Jewish World Review July 26, 2005 / 19 Tammuz
Freighted with insignificance
It happened in the grocery store line. A lady told me she thought my columns about morality were great but those about politics were something else.
"What, after all, does one have to do with the other? " I said, under the impression that it was a rhetorical question, even one that displayed my world-weary savoir-faire.
"Thank G-d," the lady replied, "in America, we separate morality and politics."
Think about it if it doesn't make you too dizzy: "Thank G-d, in America we separate politics and morality."
There's a heckuva lot of separatin' goin' on in that derailed train of thought: not just politics from morality (how French!) but maybe G-d from both.
After a confused moment, I didn't want to think about it any more. It was like staring too long at a picture by M.C. Escher, or trying to decode Yogi Berra's prose. After a while, you get a dizzy sensation.
Do you think the lady's prayer of thanksgiving was just part of the ordinary, unthinking detritus of American conversation? Or was it pure Zen? And is there a difference?
Hey, what a country!
Or as the great poet and uneven pitcher, Joaquin Andujar, once said in a moment of pure inspiration: "There is one word in America that says it all: 'You never know.'"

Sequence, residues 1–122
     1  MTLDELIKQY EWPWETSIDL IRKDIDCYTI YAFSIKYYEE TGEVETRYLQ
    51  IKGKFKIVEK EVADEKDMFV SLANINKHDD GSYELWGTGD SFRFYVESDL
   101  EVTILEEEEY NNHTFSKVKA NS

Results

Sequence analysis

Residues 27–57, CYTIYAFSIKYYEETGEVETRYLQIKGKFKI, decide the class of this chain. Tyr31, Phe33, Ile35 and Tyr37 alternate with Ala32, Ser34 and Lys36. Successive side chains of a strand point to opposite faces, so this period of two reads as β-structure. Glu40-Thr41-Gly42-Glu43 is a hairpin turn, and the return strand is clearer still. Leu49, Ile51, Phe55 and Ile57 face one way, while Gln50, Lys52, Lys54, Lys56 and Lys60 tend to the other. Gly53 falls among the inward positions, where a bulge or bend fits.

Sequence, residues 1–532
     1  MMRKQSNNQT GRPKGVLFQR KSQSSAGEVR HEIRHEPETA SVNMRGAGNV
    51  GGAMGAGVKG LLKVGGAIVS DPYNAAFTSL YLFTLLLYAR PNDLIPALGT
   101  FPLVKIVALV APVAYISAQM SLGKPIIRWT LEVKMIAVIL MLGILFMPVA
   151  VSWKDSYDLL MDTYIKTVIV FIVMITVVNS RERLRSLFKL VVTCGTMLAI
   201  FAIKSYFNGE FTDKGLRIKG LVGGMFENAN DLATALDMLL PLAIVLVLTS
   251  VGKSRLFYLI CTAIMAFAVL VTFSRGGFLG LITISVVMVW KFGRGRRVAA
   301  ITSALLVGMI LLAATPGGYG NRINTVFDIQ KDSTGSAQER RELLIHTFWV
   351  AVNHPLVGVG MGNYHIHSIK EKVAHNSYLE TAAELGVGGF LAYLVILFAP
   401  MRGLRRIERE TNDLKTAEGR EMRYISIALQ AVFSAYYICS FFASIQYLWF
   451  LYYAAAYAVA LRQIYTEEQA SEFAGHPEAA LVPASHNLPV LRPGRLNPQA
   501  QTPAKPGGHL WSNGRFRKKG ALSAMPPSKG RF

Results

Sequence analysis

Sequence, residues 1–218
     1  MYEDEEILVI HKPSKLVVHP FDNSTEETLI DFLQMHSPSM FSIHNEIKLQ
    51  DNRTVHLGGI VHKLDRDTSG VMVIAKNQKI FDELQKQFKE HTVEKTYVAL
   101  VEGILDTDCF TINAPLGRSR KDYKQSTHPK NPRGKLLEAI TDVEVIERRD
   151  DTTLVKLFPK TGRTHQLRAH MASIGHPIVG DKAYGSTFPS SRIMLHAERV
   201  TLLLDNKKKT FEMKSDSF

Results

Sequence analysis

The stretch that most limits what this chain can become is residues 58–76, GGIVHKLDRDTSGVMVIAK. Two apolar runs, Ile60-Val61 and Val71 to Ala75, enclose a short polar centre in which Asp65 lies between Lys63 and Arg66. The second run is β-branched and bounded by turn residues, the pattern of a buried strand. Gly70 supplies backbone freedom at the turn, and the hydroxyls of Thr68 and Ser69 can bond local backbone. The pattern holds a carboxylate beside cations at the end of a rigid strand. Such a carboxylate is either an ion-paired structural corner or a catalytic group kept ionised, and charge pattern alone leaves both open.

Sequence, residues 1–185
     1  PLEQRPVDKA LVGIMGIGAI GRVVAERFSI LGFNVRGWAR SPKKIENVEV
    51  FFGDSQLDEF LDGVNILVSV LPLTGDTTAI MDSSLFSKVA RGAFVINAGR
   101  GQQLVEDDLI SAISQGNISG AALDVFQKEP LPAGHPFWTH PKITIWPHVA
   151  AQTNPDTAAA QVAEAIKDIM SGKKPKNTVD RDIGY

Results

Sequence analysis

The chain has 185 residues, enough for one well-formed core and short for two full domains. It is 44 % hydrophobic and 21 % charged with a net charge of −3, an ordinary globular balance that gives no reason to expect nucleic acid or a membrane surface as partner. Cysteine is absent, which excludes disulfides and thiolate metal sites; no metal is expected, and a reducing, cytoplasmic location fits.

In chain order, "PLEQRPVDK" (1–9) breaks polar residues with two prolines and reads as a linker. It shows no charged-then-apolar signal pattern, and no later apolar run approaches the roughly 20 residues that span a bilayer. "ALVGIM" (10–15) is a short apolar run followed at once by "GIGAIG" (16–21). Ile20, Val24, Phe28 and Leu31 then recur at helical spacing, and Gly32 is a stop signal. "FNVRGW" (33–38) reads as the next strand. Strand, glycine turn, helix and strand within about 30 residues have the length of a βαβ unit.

I won't ever know what the lady meant, but I can't get her comment out of my head. It goes 'round and 'round up there like the lyrics to a bad song. Like the indecipherable but enduring as the words to "Louie, Louie," the rhythm-and-blues standard.
Certain high-minded critics, you may remember, claimed the Kingsmen's version of "Louie, Louie "was obscene when played at slow speed, and even made a federal case out of it. After a thorough investigation, the G-men reached their solemn conclusion:
"We found the record to be unintelligible at any speed we played it."
Much like "Thank G-d, in America we separate morality and politics."
Such language leaves behind it a blank uneasiness. But it can be revealing in its own way. Maybe more revealing than the speaker intended. Even if true, it was morally empty. Much like George Stephanopoulos' classic summation of then President Bill Clinton's fidelity to his campaign promises: "The president has kept the promises he meant to keep." Who could an argue with that?
All such language brings to mind the lady who once proudly explained that her late husband, while not a lawyer, "had a legalized mind."
There is actually something to be said for confusing an issue so thoroughly that nobody could possibly fight over it. It's a way of preserving the peace. Dwight Eisenhower was a master of that tactic; he did it at every press conference.
No problem. Ike took his press secretary aside and assured him, "Don't worry, Jim, I'll go out there and confuse 'em." Which he did. Like the pro he was. The man was inarticulate like a fox.
As for the lady's comment about separating morality from politics, it sticks in the mind like a marble going 'round and 'round in a clothes dryer. It's definitely a quote worth keeping in my collection of the unconsciously metaphysical.
Still, that comment may not rank up there with my favorite conundrum an observation that appeared in a letter from a mental patient to the Pine Bluff (Ark.) Commercial some years ago: "It gets boring not having peace of mind all the time."
That's the same effect produced by paying too much attention to the news 24/7/365. I know.
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